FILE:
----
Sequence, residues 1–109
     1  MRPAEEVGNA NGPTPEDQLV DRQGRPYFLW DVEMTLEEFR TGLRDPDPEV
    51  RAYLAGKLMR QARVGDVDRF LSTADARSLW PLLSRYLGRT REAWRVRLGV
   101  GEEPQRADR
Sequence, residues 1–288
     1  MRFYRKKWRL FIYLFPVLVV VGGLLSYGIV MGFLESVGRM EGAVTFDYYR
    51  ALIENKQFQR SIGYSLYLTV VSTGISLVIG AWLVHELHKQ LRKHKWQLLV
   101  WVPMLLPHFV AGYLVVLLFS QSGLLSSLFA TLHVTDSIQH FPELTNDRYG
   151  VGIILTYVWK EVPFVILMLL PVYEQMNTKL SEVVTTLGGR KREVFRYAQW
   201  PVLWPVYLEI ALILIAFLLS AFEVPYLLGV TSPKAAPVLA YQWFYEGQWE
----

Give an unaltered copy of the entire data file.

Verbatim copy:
Sequence, residues 1–109
     1  MRPAEEVGNA NGPTPEDQLV DRQGRPYFLW DVEMTLEEFR TGLRDPDPEV
    51  RAYLAGKLMR QARVGDVDRF LSTADARSLW PLLSRYLGRT REAWRVRLGV
   101  GEEPQRADR
Sequence, residues 1–288
     1  MRFYRKKWRL FIYLFPVLVV VGGLLSYGIV MGFLESVGRM EGAVTFDYYR
    51  ALIENKQFQR SIGYSLYLTV VSTGISLVIG AWLVHELHKQ LRKHKWQLLV
   101  WVPMLLPHFV AGYLVVLLFS QSGLLSSLFA TLHVTDSIQH FPELTNDRYG
   151  VGIILTYVWK EVPFVILMLL PVYEQMNTKL SEVVTTLGGR KREVFRYAQW
   201  PVLWPVYLEI ALILIAFLLS AFEVPYLLGV TSPKAAPVLA YQWFYEGQWE